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Opinion

Philippine labor cases involving expatriates

DIRECT FROM THE LABOR FRONT - Atty Josephus B Jimenez - The Freeman

Equal justice for all personnel and workers are guaranteed to all foreign workers and expatriates in this country. There are hundreds of thousands of Americans, Japanese, Koreans, Europeans, and even Arabs working in the Philippines. They are in hotels and restaurants as managers and chefs, in export processing zones as technical and managerial executives, in semi-conductor firms as engineers and consultants, and in power companies as general managers and corporate executives. There are foreign teachers in international schools, priests, nuns, and missionaries in various colleges and churches. Under Article 40 of the Labor Code, they are required to get an alien employment permit, provided there are no Filipinos who have the competence and willingness to do the same work.

The expats are well-paid and many of them are given free housing in exclusive enclaves like Ayala Alabang, Forbes, and Dasma in Metro Manila and in Maria Luisa in Cebu, or they are given world-class condos in choice locations, with free cars, drivers, security and household helpers. They are also covered with multi-million health, medical, and life insurance. In other words, these people belong to a privileged sector in our labor force, occupying top and well-paid positions, with all the perks, privileges, and powers. They also have equal access to our justice system in the event that they are illegally dismissed, or are subjected to unfair labor practices, or non-payment of their salaries and benefits. We will discuss two labor cases involving expats who have had problems with their employers.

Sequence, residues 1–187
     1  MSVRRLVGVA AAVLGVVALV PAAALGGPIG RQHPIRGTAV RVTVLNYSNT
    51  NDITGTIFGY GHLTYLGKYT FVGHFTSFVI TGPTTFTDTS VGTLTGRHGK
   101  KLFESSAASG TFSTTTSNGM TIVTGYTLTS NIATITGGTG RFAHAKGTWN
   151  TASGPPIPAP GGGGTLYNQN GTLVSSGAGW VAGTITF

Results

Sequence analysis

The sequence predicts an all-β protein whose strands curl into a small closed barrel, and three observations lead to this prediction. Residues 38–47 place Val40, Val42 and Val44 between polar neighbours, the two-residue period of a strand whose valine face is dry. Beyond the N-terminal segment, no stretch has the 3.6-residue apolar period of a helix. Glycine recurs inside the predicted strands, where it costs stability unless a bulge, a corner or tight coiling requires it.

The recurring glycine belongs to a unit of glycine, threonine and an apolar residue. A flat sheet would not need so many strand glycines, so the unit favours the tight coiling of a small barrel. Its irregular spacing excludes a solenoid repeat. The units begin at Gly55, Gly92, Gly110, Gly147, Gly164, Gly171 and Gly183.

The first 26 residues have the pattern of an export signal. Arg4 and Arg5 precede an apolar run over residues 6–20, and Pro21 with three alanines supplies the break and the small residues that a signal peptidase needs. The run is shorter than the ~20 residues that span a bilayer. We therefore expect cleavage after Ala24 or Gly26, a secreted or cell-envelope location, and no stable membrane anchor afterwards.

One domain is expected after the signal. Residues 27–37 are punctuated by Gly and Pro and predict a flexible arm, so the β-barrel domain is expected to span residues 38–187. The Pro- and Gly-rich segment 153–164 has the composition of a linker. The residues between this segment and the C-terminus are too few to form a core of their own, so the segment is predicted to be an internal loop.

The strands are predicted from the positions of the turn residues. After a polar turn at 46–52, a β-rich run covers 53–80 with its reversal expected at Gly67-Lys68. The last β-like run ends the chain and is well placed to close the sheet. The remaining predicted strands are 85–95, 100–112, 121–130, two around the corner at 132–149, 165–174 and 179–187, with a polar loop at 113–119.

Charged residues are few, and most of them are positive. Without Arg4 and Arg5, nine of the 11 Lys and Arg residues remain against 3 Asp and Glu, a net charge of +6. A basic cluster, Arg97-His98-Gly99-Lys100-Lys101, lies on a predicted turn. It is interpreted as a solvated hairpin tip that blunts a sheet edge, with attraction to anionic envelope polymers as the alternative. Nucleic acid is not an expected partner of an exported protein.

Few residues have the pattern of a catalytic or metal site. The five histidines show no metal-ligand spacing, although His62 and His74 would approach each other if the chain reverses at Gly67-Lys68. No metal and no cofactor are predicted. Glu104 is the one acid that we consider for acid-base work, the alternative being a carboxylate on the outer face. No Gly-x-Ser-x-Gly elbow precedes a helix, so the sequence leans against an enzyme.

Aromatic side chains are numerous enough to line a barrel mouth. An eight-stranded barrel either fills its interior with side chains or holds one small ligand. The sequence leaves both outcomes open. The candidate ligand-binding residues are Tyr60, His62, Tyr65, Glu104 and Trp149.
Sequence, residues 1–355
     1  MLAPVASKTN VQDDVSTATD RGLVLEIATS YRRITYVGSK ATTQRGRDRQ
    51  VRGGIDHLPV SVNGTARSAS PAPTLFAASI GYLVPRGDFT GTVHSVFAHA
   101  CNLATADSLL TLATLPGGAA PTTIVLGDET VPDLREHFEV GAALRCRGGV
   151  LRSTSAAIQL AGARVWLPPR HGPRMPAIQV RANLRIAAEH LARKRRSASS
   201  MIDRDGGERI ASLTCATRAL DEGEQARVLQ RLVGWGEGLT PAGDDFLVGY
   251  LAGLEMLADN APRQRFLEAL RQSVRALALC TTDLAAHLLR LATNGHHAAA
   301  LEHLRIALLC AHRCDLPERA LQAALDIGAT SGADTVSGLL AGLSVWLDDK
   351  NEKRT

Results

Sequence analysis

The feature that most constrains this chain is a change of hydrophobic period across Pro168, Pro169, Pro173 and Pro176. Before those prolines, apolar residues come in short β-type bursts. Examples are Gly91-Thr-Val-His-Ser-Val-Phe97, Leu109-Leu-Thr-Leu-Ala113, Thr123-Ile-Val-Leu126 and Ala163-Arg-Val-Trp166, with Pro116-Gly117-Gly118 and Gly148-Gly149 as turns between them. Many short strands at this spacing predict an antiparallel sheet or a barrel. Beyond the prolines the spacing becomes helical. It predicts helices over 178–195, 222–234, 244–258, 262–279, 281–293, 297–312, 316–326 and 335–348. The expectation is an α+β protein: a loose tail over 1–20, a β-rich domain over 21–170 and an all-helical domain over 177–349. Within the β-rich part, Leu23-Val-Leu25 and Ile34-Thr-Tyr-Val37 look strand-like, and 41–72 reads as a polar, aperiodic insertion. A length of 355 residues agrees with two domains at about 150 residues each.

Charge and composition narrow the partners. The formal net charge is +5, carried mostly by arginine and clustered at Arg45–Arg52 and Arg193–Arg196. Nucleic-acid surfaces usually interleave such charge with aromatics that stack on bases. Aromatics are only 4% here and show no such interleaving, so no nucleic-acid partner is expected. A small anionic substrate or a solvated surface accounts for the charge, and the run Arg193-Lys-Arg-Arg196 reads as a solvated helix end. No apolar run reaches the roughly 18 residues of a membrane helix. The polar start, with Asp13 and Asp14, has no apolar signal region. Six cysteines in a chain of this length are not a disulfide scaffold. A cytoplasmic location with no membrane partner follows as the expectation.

The first case involves a company president, an American, who was unceremoniously kicked out by his fellow nationals. This is UTP/ A.J. versus (GR 205453, 05 Feb 2014). The tourist firm hired K as president in 2002 but for H. K. for a fixed term of five years. In 2007, his term expired but he was allowed to continue working thereafter. In 2009, K entered into huge contracts with big firms, after which he got a letter from the company lawyer telling him that his employment had already expired. He was also told that he could not continue working because of the alleged cruelty with which he dealt the personnel, for which reasons, criminal charges were supposedly filed against him.

K filed a case of illegal dismissal, which was decided in his favor by the Labor arbiter, and affirmed by the NLRC, the Court of Appeals and the Supreme Court. It was held that K was dismissed without cause and without due process. Management was unsure whether the services of K were terminated based on expiration of contract or due to alleged criminal charges. Also, the High Court made it clear that even foreigners and company Presidents are entitled to due process. Thus, the company was ordered to pay full back wages and separation pay in lieu of reinstatement. In cases like this, the back wages would extend from 2009 when he was dismissed to the time of finality of the 2014 ruling by the High Court. This could run into millions considering the five years of case pendency and the high salary rate the president was receiving.